Newsletter

April 2017 Print

Letter from the President

Do you know what a PIO is?  It means "Public Information Officer," and is part of the emergency response system used by fire departments, police and other organizations. 

Why should you care? If an emergency occurs at or near your business, these institutions will use a standard Incident Command structure, and interact with your organization through that system.  

If you aren't familiar with Incident Command or the PIO role, our April program can help you.

Sergeant David H. Lund of the Appleton Police Department is the featured speaker. His presentation will share how institutions communicate with each other and the public during emergencies. Full program information is found below.

You may recall when Captain Chesley "Sully" Sullenberger made headlines a few years ago. Shortly after taking off on US Airways Flight 1549 in New York, both jet engines suddenly became inoperable. Sully safely landed the plane on the Hudson River, saving all 155 people on board. 

 Sully said: "...for 42 years, I've been making small, regular deposits in this bank of experience, education and training. And on January 15, the balance was sufficient so that I could make a very large withdrawal." 

Are you open for lunch on April 18?  Register to attend, and make another deposit into your crisis communication bank.

Angela Brumm, APR

President, PRSA Northeast Wisconsin 

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Upcoming Events

The Communicator’s Role as PIO in an Emergency Situation

Do you have an emergency management plan? Do you know what structure state and local government entities use in emergency situations? Do you know how you fit into that structure?

Emergency situations like an active shooter, mass casualty event or severe weather can happen to any of us at any time. As a communicator, are you prepared to serve as the public information officer (PIO) on behalf of your company?

On Tuesday, April 18, Sergeant David H. Lund II, Support Services Specialist and PIO for the Appleton Police Department, will discuss the role of the PIO in the incident command structure.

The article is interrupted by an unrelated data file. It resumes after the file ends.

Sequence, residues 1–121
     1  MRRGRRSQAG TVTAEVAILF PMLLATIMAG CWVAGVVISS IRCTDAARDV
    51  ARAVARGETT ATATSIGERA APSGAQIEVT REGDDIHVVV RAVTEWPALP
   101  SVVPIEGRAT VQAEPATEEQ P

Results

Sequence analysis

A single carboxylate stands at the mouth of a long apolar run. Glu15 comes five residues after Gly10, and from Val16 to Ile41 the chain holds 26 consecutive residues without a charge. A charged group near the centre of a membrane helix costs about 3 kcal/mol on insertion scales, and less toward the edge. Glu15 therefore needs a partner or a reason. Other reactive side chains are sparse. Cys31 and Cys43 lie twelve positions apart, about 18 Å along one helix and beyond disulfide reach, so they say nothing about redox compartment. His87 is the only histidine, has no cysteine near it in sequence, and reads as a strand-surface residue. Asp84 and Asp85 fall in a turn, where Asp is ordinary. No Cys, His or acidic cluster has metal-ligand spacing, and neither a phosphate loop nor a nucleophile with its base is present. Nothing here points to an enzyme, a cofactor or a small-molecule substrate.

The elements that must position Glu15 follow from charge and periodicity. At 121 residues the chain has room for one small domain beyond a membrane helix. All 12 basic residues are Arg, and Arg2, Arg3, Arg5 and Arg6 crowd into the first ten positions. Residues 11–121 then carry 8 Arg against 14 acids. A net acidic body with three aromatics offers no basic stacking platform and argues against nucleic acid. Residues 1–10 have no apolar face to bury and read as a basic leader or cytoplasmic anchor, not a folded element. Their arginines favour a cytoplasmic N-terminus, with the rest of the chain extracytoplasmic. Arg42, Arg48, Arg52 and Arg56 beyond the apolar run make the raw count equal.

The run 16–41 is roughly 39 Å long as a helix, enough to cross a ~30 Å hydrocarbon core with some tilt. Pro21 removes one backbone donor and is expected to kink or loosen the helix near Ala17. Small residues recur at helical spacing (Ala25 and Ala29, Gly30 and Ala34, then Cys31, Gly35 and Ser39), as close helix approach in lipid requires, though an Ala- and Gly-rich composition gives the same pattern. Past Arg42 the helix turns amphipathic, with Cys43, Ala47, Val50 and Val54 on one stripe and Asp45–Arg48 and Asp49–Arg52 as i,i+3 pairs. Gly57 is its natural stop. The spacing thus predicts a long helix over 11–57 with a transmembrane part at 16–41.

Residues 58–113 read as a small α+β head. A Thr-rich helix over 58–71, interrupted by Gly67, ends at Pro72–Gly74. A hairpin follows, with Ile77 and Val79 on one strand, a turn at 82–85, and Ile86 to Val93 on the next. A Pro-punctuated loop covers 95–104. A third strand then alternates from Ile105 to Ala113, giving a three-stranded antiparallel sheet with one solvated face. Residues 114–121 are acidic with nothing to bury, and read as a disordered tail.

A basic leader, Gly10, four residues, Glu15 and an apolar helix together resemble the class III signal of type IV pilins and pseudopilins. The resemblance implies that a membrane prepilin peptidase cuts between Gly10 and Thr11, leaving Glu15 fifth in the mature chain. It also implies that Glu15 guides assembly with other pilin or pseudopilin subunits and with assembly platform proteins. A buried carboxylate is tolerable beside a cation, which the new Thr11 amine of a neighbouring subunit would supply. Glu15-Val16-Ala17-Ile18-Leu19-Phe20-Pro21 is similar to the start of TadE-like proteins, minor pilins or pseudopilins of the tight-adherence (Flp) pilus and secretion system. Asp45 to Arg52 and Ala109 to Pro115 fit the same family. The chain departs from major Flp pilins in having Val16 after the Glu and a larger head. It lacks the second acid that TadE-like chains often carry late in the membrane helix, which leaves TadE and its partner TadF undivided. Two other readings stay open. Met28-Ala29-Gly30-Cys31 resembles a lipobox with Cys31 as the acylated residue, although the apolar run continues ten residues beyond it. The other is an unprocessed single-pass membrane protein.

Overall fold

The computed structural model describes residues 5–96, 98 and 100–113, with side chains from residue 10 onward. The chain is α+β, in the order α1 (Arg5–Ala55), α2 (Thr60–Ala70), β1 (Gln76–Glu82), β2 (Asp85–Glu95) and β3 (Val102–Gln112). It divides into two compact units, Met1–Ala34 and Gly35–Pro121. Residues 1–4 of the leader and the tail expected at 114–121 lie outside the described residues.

Incident command is an emergency response strategy that is practiced by FEMA, law enforcement, hospital systems, state and county emergency management departments and is considered the standard in emergency preparedness.  If your business experiences an emergency, emergency entities will use this structure and terminology in addressing the situation. Will you know what it means?

Typically, the PIO within incident command is responsible for all communication with stakeholders during an emergency situation. The PIO will work with emergency management PIOs to hold press conferences, communicate with impacted families and more.

Sergeant Lund will walk us through the incident command structure and specifically speak to the PIO’s main responsibilities during an emergency. Join us from 11:30 a.m. - 1 p.m. at The Marq for a program that you truly can't afford to miss.

Tickets

$25.00 PRSA Member
$30.00 after 07:00 pm April 13

$35.00 Non-Member
$40.00 after 07:00 pm April 13

$15.00 Full-Time Student
$20.00 after 07:00 pm April 13

Register Today!

 

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All About APR!

You've heard of this thing called "APR." But what exactly is it?!

The APR process is an exercise in success. Self-assessment activities along the way—as well as the formal assessment elements themselves—inevitably communicate strengths, limitations, and requirements. You’ll come away with a clear understanding of your PR skills in the form of valuable personalized information to apply toward advancing your present role and future career.

April is APR month, so there's no better time than now to find out more about accreditation. Contact our chapter's accreditation chair, Cassie Wenzel, APR, at 920-242-3024 orcassiewenzel@gmail.com.

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PRSSA News

 

A big shout-out to the UW-Oshkosh PRSSA Chapter for receiving the Pacesetter award from PRSSA National! 

The Pacesetter recognizes a Chapter's success in the areas of membership, national participation and/or Chapter development. UW-O's chapter received this award because they increased Chapter membership by 74 percent this semester, completed a PRSSA National Initiative, and strengthened their relationship with our PRSA Chapter.

Only a handful of chapters in the country receive this honor each year, so this is a noteworthy accomplishment! Congrats to all the members of the UW-O chapter for representing our area so well!